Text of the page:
TWIN FALLS —Twin Falls’ City Council has passed a resolution declaring the city a “neighborly community.”
The vote was 5-2, with Vice Mayor Suzanne Hawkins and Councilwoman Nikki Boyd against.
The Council has listened to more than three hours of public testimony on the proposal at meetings over the past month, and didn’t take any more public comment Monday night.
“We feel like we have had plenty of time to (hear from) the public on this,” said Hawkins, who was running the meeting because Mayor Shawn Barigar wasn’t present. He listened in and voted by telephone.
“It changes none of our policies,” Barigar said. “It does not lay a groundwork for any future activity that some may think we’re up to.”
The public comment at meetings has been about 75 to 80 percent in favor of the resolution, which reaffirms the city’s commitment “to build a community where all residents are welcomed, accepted, and given the opportunity to connect with each other without bias in pursuit of common goals” and encourages residents, businesses and community groups in town to join in similar efforts.
However, City Manager Travis Rothweiler said the phone calls and emails he has gotten have been more equally split. Hawkins said the feedback she has gotten has been about 80 percent opposed to the resolution, suggesting that “citizens reach out to those who they feel more aligned with.”
Councilman Greg Lanting, who said about 60 percent of the people he has heard from favor the resolution, said he views it as a statement of what the city is, and as a rebuttal to how Twin Falls has been portrayed in “some of the media,” an apparent reference to some of the coverage of refugee resettlement by right-wing online outlets. Lanting said the resolution does not align Twin Falls with the national “welcoming cities” movement and is not a precursor to becoming a “sanctuary city,” as some opponents have said it is.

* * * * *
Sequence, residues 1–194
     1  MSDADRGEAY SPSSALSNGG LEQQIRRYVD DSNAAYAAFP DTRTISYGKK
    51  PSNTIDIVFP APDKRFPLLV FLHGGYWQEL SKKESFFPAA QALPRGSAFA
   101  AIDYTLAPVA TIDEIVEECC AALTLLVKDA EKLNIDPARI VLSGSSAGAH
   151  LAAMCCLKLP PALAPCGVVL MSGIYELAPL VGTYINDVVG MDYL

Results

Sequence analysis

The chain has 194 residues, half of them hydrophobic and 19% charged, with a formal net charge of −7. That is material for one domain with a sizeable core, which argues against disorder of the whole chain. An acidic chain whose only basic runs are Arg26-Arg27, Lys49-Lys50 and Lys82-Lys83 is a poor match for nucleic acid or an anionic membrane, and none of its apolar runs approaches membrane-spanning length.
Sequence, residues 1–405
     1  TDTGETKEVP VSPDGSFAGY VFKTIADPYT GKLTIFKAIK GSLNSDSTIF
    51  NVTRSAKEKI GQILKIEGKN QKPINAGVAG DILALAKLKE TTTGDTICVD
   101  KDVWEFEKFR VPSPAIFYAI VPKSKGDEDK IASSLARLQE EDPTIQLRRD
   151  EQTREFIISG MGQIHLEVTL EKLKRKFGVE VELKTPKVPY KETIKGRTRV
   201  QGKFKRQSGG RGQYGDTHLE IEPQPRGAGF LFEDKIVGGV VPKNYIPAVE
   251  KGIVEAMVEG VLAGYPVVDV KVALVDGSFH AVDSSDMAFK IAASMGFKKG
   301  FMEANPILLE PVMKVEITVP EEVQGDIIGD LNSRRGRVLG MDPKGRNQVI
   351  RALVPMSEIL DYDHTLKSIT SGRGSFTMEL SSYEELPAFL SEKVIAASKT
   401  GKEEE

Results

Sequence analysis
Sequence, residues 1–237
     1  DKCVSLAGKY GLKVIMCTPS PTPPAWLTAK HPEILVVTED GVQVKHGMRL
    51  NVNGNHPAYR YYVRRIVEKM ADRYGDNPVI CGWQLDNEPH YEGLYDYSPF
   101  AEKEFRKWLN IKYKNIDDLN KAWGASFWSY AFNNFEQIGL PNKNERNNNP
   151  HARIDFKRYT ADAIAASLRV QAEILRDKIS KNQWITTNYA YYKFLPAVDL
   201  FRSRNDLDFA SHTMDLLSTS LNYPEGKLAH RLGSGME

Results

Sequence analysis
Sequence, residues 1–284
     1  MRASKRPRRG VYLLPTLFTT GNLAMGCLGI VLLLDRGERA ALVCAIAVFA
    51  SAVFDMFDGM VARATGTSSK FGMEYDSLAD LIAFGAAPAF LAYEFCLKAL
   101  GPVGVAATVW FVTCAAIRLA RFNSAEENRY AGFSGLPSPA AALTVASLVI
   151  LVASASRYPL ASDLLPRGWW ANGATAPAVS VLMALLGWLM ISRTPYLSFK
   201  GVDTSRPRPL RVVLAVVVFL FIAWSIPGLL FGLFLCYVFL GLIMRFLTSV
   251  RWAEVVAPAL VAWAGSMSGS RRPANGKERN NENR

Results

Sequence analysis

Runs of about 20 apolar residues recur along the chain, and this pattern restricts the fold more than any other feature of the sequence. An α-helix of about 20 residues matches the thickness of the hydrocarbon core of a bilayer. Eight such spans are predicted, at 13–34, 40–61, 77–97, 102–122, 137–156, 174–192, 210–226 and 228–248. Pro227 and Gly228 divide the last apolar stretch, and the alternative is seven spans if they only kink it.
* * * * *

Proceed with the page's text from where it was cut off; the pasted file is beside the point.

“To those who say why, I say why not?” Lanting said.
Boyd said the city can’t control what others say or think, but that being a good Samaritan starts at home.
“I think that says everything and we don’t need a piece of paper to say that’s what we do,” she said.
The resolution doesn’t mention immigrants, refugees or any other group of people specifically, but it traces its origins to a project some local Boy Scouts did at the College of Southern Idaho Refugee Center, and much of the public testimony both for and against it has focused on these issues. The final resolution goes through a series of points in the city’s strategic plan and connects them to the concept of being a welcoming community.
Also at the meeting
The Council heard a brief update on the Main Avenue reconstruction. CH2M Engineer Paul Johnson, who is serving as the Urban Renewal Agency’s representative on the project, said the work is “on schedule and on budget,” with some partial demolition already having started on the stretch of Main Avenue between Fairfield Avenue and Gooding Street, which will be the second block to be rebuilt. The stretch between Shoshone and Gooding streets was the first and work is still being done there.
And, the Council voted to award a $699,000 bid to Kloepfer Inc. to build a section of the Canyon Rim Trail extending it from the Eastland and Pole Line intersection to the Evel Knievel jump site.
The Council also heard presentations from this year’s applicants for $100,000 in Municipal Powers Outsource Grants money, which is money the city gives to nonprofits to provide services the government might have to provide otherwise or enhance existing city services. The Council plans to decide next week who will get funding.
Editor's note: This story has been corrected to say the resolution says "...without bias in pursuit of common goals."